[This is a review of Justified season 5, episode 10. There will be SPOILERS.]

After a handful of somewhat middling episodes, pondering the significance of the Crowes and their just-shy-of-fruitful migration to Harlan, Justified finally lands on a sweet spot where the various (sometimes disparate) story elements pull the characters together – or apart, as the case may be – in such a way the anticipation for the final three chapters builds precipitously.

Director John Dahl makes ‘Weight’ the season’s best episode yet by orbiting the major threads around the increasingly serious misadventures of the man whose initially mild misadventures – or, rather earnest foray into becoming a small business owner – ostensibly kick-started the plot and essentially left the door open for Darryl and the other Crowes. Because Dewey has always worked best when situated off to the side, where his not so clever remarks and unfounded self-assurance serve as a point of levity, it’s plain to see that, whether or not they’ve brought the kind of thematically rich narrative Justified has been known to have, setting a plot around the likes of Dewey Crowe essentially requires additional characters be brought in.

That’s a somewhat thin justification for the Crowes, but there’s something to be said for the way the entire clan simply wishes to carve out a space of their own, and how they wind up being their own worst enemy when it comes to the pursuit of that goal. They are in many ways the prototypical Justified villain: not too bright, but always willing to step into a showdown when they should be headed in the other direction. In that sense, because he knows when it’s time to cut and run, perhaps Dewey is, due to some primitive level of inborn self-preservation, something other than a total villain in this case.

That recognition of being in a no-win situation is what sets Dewey apart from Darryl and Danny, and it’s what affords him the undeserved opportunity to perhaps one day bring more Crowes into the world – seeing as how Danny’s unchecked aggression works as an inadvertent form of population control. To that end, the climactic scene in what was already shaping up to be a terrific episode worked in large part because it felt like Elmore Leonard’s fingerprints were all over it. After several episodes of Danny proposing he test his knife against an adversary’s ability to draw and fire their weapon, the belligerent assailant winds up skewering his own brain with the intended tool of Raylan’s destruction.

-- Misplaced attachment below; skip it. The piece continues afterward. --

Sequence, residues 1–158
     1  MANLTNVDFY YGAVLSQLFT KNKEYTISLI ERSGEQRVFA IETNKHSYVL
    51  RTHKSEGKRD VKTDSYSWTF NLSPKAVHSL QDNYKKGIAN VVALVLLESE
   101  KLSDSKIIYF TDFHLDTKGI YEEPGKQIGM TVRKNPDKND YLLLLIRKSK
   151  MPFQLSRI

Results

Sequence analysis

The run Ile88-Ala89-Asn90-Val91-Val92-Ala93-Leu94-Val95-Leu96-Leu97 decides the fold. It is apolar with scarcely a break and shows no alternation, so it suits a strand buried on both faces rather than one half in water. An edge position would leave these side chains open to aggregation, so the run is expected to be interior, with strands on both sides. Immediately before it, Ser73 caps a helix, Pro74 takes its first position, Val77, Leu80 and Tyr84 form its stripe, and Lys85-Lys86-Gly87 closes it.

Things have a way of working out like that in Justified; the laws of nature seem to step in and act as a kind of unseen character, weeding out those whose time has come, while protagonists like Raylan bear witness to an often gratifying form of Darwinism at work. It doesn’t necessarily always end in death, as the continued survival of Dickie Bennett (Jeremy Davies) and emotionally unstable prison guard Albert (Danny Strong) demonstrates, but while that sort of theory occasionally keeps people like Raylan from having to fire his weapon, it sometimes puts others like Ava in a position that should have been avoidable.

After distancing herself from Boyd, Ava winds up in the unenviable position of having to kill Judith, in order to survive her prolonged stay in a correctional facility. Rather than kowtow to the whims of yet another untrustworthy prison employee, Ava’s instinct is to propose an alliance and to create a stronger, more unified front. Naturally, that doesn’t fly with Judith, and the old woman winds up bleeding out on the prison chapel’s floor, demonstrating how powerful the urge of self-preservation is, and how clinging desperately to it can be as dangerous as completely ignoring it.

Justified continues next Wednesday with ‘The Toll’ @10pm on FX.

Photos: Prashant Gupta/FX